La Ley de Plusvalia – Capital Gains Tax in Ecuador

 

Up until December of 2016, capital gains taxes in Ecuador were quite reasonable.  Rural properties were entirely exempt and urban properties were taxed at 10%, with half a percent reduction each year, meaning after 20 years of ownership urban properties could also be sold free of capital gains.

 

In May of 2015, Former President Rafael Correa proposed a set of new tax laws, including proposals for new capital gains and inheritance taxes that could only be described as wealth confiscation.

 

The capital gains tax, justified as a way to stop speculation, proposed to tax gains on real estate at 75%.  The inheritance law proposed to tax inheritances above $34,500 at a similar rate.

 

The backlash against the proposals was massive and swift.  Nationwide protests erupted overnight and forced the administration to shelve the proposals indefinitely.

 

Then, in December of 2016, with Rafeal Correa’s approval rating in the 30’s and in the last days of his presidency, just prior to the holidays and upcoming presidential elections, Correa quietly announced he would be sending the capital gains legislation (La Ley de Plusvalia) to the Assembly for a vote.

 

On December 27th, 2016, between Christmas and New Years, with the country distracted by the holidays and upcoming elections, the Alianza Pais controlled Assembly passed the legislation.

 

Below is an outline of the legislation and a few thoughts on potential ramifications.

 

'Extraordinary' gains on real estate sales for any property purchased on or after December 30th, 2016 are taxed at 75%.

 

Despite promises to exempt builders, the law was ultimately passed without the exemption.  The law does however exempt direct foreign investment, approved NGO’s and projects of ‘social interest’.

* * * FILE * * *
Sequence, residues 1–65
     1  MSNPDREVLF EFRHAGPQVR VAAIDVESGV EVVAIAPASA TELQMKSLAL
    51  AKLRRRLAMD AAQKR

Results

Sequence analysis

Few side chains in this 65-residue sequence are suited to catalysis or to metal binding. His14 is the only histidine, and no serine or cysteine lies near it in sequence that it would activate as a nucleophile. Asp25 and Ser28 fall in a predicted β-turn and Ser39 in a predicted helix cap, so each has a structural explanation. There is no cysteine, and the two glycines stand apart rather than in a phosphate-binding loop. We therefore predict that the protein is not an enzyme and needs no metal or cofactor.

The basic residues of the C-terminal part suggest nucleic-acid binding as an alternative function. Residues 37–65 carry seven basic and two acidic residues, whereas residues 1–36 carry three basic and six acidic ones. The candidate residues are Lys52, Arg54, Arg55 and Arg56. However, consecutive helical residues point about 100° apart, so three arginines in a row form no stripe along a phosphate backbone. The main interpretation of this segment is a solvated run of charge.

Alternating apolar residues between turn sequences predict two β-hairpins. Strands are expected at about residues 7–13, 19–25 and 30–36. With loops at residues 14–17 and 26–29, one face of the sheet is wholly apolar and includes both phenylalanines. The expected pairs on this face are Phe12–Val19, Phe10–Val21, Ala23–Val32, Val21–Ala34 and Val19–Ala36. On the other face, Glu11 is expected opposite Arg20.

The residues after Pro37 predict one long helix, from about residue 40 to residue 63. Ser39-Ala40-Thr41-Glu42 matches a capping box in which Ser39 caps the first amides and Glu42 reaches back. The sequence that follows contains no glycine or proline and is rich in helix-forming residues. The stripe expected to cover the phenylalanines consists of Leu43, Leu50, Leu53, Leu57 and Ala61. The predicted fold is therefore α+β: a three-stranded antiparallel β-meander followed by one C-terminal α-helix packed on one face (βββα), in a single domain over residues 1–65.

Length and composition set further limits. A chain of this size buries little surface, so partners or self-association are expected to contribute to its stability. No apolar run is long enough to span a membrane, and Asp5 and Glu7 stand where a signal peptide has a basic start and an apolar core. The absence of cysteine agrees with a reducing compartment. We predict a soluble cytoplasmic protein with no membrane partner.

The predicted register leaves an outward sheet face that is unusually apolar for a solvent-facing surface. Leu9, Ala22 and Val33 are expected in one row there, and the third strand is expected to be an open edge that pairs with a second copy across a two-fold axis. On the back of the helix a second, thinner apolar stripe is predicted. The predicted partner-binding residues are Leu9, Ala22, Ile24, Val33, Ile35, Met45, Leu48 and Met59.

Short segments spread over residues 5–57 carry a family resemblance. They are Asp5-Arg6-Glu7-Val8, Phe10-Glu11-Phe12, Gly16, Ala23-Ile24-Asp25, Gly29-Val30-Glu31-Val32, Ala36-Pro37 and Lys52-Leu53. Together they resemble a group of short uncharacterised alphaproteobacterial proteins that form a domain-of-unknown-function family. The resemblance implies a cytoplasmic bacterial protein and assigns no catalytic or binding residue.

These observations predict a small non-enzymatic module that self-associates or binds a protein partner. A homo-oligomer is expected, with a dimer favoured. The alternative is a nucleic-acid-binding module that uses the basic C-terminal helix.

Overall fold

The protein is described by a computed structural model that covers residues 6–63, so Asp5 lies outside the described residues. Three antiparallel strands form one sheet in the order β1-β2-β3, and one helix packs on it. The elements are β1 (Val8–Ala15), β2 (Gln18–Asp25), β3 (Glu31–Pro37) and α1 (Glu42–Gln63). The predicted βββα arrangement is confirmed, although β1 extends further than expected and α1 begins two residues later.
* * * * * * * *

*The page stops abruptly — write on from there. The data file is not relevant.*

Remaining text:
Changes of ownership resulting from; inheritance, donations, sweepstakes, state sales and company profits distributions are also exempt.

 

To calculate the tax, you take the purchase price, plus improvements (all of which must be proved via a tax receipts (Facturas)) to come up with a cost basis.  Then ad the value of 24 basic salaries (2 years of minimum wage, currently $9,000), which are not taxed and a compounding interest rate equal to the rate you would receive keeping your money in a CD at a financial institution, currently 7.37% annually – also not taxed and that gives you the full amount exempt from the tax. 

 

The sale price, minus the cost basis, 24 basic salaries and annual interest rate are then taxed 75%.

 

The SRI (Ecuador's tax collection agency) provides a calculator to calculate potential gains.

 

The affects of this law are yet to be felt.  Most Ecuadorians are not even aware of what’s in it.  And since so few sales have been realized for properties that were purchased after December 30th, 2016, the affects will not be fully understood for some time.

 

The ramifications on real estate value, the construction industry and the country could be significant.

 

The biggest blow will be to developers and investors as the turn around period from a projects initiation to realization is short – that being said there are work-a-rounds for developers which I expect to become common practice.

 

For people looking to purchase property and hold longer term, the effect will be significantly less.

 

For example, under current calculations, should you purchase a piece of land for $100,000, build a $50,000 house and hold it for 5 years and then sell at $250,000, you would pay taxes of $20,215.90 or 20.22% of profits.

 

There is a common belief among Ecuadorians that the law will be repealed, however to date the recently elected successor to Rafael Correa, Lenin Moreno has made no signal that any change is forthcoming.

 

 

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